My day began on a decidedly sour note
when I saw my six-year-old wrestling with a limb of my azalea
bush. By the time I got outside, he'd broken it.
"Can I take this to school
today?" he asked.
With a wave of my hand, I sent
him off. I turned my back so he couldn't see the tears
gathering in my eyes. I loved that azalea bush. I touched the
broken limb as if to say silently, 'I'm sorry.' I wished I
could have said that to my husband earlier, but I'd been
angry. The washing machine had leaked on my brand new
linoleum. If he'd just taken the time to fix it the night
before when I asked him instead of playing checkers with our
son. 'What are his priorities anyway?' I
I was still mopping up the mess
when Jonathan walked into the kitchen. "What's for
breakfast, Mom?" I opened the empty refrigerator. "Not
cereal," I said, watching the sides of his mouth drop. "How
about toast and jelly?" I smeared the toast with jelly and set
it in front of him. 'Why was I so angry?' I tossed my
husband's dishes into the sudsy water. It was days like this
that made me want to quit. I wanted to go somewhere and
I managed to lug the wet clothes to the Laundromat. I spent
most of the day there washing and drying clothes and thinking
how love had disappeared from my life. Staring at the graffiti
on the walls, I felt as wrung-0ut as the clothes left in the
washers. As I finished hanging up the last of my husband's
shirts, I looked at the clock ~ 2:30! I was late! Jonathan's
class let out at 2:15. I dumped the clothes in the back seat
and hurriedly drove to the school.
out of breath by the time I knocked on the teacher's door and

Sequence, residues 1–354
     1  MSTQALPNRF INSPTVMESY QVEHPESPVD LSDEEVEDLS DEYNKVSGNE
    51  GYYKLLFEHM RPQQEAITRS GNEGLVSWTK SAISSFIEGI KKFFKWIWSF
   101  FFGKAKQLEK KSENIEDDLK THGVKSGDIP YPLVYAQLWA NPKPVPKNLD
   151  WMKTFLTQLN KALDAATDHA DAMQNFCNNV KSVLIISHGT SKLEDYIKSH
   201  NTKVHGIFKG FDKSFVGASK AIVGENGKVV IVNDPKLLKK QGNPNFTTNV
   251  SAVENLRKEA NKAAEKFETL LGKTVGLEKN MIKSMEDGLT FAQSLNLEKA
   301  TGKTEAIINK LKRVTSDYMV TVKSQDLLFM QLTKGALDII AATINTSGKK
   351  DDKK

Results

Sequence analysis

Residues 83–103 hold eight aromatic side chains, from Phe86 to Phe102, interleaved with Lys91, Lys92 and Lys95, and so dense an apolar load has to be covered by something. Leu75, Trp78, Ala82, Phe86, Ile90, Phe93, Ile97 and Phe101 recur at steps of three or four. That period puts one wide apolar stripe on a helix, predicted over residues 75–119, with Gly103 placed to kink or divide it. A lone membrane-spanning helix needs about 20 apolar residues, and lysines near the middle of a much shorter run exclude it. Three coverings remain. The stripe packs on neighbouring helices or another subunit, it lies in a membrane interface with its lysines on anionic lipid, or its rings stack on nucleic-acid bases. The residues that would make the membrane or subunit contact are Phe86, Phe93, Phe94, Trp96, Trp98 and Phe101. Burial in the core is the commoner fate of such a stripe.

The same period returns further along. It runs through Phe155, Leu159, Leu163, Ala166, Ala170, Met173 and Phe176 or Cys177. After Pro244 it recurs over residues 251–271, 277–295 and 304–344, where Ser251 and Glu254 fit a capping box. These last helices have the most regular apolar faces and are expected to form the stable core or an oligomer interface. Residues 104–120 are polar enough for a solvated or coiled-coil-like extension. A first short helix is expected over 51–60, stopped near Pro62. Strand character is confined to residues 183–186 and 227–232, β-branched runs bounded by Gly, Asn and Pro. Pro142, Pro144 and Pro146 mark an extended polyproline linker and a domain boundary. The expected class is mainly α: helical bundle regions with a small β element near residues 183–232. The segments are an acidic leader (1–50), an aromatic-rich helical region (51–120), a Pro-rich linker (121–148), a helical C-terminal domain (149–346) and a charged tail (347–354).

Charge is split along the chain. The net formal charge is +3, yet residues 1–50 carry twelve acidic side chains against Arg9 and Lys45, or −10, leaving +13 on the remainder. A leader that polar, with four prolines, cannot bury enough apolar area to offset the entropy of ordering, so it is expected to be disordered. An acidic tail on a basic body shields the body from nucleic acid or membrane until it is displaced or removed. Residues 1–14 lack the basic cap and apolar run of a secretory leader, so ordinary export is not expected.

peered through the glass. With one finger, she motioned for me
to wait. She said something to Jonathan and handed him and two
other children crayons and a sheet of paper. 'What now,' I
thought, as she rustled through the door and took me aside.
to talk to you about Jonathan," she
prepared myself for the worst. Nothing would have surprised
know Jonathan brought flowers to school today?" she
nodded, thinking about my favorite azalea bush and trying to
hide the hurt in my eyes. I glanced at my son busily coloring
tell you about yesterday," the teacher insisted. "See that
watched the bright-eyed child laugh and point to a colorful
picture taped to the wall. I nodded.
yesterday she was almost hysterical. Her mother and father are
going through a nasty divorce. She told me she didn't want to
live, she wished she could die. I watched that little girl
bury her face in her hands and say loud enough for the class
to hear, 'Nobody loves me.' I did all I could to console her,
but it only seemed to make matters
thought you wanted to talk to me about Jonathan," I said,
getting somewhat impatient.
the teacher said, touching the sleeve of my blouse. "Today,
your son walked straight over to that little girl. I watched
him hand her some pretty pink flowers and whisper, 'I love
felt my heart swell with pride for what my son had done. I
smiled at the teacher. "Thank you," I said, reaching for
Jonathan's hand, "you've made my day."
that evening, I began pulling weeds from around my lopsided
azalea bush. As my mind wandered back to the love Jonathan
showed the little girl, a biblical verse came to me: "Now
these three remain: faith, hope and love. But the greatest of
these is love." While my son had put love into practice, I had
only felt anger.
the familiar squeak of my husband's brakes as he pulled into
the drive. I snapped a small limb bristling with hot pink
azaleas off the bush. I felt the seed of love that God planted
in my family beginning to bloom once again in me. My husband's
eyes widened in surprise as I handed him the flowers. "I love
Author Known to
"And a child shall lead them . .